Wednesday, September 23, 2009
There are movies I waited to see for a long time just because of the way the ad affected me as a kid. Faster Pussycat was one, this movie was another.
Set your time machine back to 1969. I'm sitting in my dad's car listening to the AM radio. On comes this creepy commercial for a movie featuring a man reciting a nursery rhyme. Cut to a woman's scream. I knew at that moment I would someday have to see this flick.
Too bad the movie itself doesn't deliver on the promise of the radio ad. It's basically a thriller from the (to steal a concept from Bill Landis) "endangered child" subgenre. Woman dumps psycho boyfriend when she finds out she's preggers. Woman has the pregnancy aborted. Boyfriend comes after her years later when she has a baby she did want to keep. But she's now married to a powerful lawyer with political ambitions, so she can't tell her new hubby the whole truth.
I will say the final half-hour, involving a hunt for the psycho ex-boyfriend, was pretty gripping. But the actor who played him just couldn't pull-off the cloud of fear necessary for the role
Tuesday, September 15, 2009
Excellent film about 60's experimental visionary Jack Smith. Smith, who achieved notoriety with FLAMING CREATURES, never went on to the big art film leagues and died in 1989, forgotten by all but a a few dedicated fans. He never finished another film after CREATURES, perfering to live the life of a pure artist.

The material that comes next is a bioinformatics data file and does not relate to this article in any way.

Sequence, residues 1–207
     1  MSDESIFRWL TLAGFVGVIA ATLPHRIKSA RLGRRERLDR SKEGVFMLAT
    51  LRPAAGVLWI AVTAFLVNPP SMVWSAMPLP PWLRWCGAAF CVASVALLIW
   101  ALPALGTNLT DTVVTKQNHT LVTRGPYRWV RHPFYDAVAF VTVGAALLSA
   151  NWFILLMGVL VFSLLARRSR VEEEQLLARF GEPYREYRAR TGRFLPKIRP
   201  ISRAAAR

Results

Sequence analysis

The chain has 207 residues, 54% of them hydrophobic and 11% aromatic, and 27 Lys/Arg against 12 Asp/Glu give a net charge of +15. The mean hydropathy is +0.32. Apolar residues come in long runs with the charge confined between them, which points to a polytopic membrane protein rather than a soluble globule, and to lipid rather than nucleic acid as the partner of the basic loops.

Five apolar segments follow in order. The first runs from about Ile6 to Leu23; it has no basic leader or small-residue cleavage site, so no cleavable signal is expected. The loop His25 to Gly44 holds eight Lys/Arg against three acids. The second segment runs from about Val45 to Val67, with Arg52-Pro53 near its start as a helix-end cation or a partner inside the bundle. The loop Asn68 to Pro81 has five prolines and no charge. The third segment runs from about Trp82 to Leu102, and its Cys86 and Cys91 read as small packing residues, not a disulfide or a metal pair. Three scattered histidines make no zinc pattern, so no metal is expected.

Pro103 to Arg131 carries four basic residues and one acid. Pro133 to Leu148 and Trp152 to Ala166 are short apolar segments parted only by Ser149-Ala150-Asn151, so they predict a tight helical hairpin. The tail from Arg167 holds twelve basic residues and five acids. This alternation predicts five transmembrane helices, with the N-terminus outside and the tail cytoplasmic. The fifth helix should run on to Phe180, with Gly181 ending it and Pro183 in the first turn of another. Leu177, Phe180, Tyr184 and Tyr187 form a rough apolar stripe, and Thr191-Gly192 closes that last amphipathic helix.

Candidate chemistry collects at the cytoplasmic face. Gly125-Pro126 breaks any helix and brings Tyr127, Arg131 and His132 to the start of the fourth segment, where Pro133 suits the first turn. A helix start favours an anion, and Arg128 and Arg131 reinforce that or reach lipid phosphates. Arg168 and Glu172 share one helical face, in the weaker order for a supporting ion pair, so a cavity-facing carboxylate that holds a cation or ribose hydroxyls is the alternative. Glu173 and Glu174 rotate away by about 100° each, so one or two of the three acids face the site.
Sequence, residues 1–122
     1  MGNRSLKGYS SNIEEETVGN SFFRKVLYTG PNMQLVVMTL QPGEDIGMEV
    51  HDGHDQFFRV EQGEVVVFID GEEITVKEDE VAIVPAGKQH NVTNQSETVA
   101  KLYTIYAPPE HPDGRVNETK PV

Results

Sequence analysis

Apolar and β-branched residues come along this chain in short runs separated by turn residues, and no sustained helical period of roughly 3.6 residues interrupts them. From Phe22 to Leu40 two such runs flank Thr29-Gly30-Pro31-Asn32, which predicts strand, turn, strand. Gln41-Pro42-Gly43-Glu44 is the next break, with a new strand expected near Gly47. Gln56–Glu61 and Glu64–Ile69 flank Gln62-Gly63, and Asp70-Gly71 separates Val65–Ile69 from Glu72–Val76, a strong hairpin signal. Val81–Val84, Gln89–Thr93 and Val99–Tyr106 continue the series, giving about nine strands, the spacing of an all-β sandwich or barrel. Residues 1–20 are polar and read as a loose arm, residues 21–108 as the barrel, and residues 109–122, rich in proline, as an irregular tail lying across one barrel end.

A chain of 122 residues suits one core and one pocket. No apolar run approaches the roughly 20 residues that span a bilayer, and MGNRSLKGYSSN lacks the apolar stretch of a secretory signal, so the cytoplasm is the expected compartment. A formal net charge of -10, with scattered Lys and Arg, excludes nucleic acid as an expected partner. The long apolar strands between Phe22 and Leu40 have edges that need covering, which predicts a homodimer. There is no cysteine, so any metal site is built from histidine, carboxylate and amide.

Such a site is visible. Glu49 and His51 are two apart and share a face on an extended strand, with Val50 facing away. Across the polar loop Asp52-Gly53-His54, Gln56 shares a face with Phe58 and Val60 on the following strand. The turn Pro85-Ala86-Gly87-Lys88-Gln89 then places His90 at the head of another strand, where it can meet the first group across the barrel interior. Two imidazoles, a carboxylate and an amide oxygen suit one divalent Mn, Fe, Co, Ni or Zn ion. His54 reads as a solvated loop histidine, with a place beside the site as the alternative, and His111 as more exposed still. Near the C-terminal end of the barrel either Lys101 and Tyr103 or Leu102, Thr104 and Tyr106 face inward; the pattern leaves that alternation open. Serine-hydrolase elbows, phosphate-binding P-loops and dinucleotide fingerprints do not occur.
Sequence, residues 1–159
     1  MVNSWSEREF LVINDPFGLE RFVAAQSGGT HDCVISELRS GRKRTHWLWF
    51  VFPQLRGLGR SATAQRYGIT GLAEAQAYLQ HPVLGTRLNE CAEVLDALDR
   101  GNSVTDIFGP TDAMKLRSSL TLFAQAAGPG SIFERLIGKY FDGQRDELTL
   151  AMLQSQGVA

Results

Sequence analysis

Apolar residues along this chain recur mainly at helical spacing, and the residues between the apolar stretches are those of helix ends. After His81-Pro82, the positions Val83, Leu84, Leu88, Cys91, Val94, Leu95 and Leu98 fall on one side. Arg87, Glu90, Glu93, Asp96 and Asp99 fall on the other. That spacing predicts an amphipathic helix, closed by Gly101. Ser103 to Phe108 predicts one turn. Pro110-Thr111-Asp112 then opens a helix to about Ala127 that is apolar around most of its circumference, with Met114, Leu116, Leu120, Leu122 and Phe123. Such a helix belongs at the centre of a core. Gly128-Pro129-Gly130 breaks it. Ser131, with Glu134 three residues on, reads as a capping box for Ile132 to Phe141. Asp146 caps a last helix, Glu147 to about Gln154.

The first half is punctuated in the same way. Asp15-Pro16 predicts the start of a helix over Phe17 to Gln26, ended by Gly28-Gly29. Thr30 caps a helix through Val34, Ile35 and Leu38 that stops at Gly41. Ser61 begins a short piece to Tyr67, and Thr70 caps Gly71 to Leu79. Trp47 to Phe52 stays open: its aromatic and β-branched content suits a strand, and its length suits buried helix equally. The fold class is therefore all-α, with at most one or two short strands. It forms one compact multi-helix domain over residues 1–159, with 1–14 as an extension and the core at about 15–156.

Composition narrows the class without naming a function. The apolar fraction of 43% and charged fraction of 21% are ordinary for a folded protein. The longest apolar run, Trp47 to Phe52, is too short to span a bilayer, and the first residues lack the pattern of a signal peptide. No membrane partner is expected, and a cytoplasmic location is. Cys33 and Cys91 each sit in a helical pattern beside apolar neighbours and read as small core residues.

The film portrays his life and work via interviews with the various friends and family who knew him. You even get a few interviews with Smith himself, who comes across as a tortured artiste. The narrative tries to be as objective as possible, but it does suggest that several critics made their fame off Smith's work.
A good look into a different era when filmmakers actually had to worry about getting busted on obscenity charges.
Friday, September 11, 2009
This is a MTV from the final phase of the "movie of the week" phenomena which made 70's TV such fun. I don't know how to describe it other than make comparisons to Lord of the Flies and Charlie's Angels. And it has both big Clint Walker and Jayne Kennedy (who looks mighty fine in a loin cloth).
A plane carrying catholic school girls out of war-torn Indochina in 1955 crashes on an isolated Pacific island. Years later a sea plane makes an emergency landing on the same island. The sea plane is conveying oil roughnecks back to the US (all male). The roughnecks encounter the adult versions of the school girls, who have grown into a jungle tribe of shapely young women. Meanwhile there's a rival tribe of men who've been raiding the female tribe.
Gilligan never had it so good.
Thursday, September 10, 2009
Because every now and then I do watch Hollywood movies.
Hilarious film about working a summer carny job by writer Greg Motta. From what I understand, he was discussing the worst jobs they ever had with some other tinsletown types and his was an amusement park on Long Island in 1985.
I'd love to know what his fellow glitter palace courtiers did.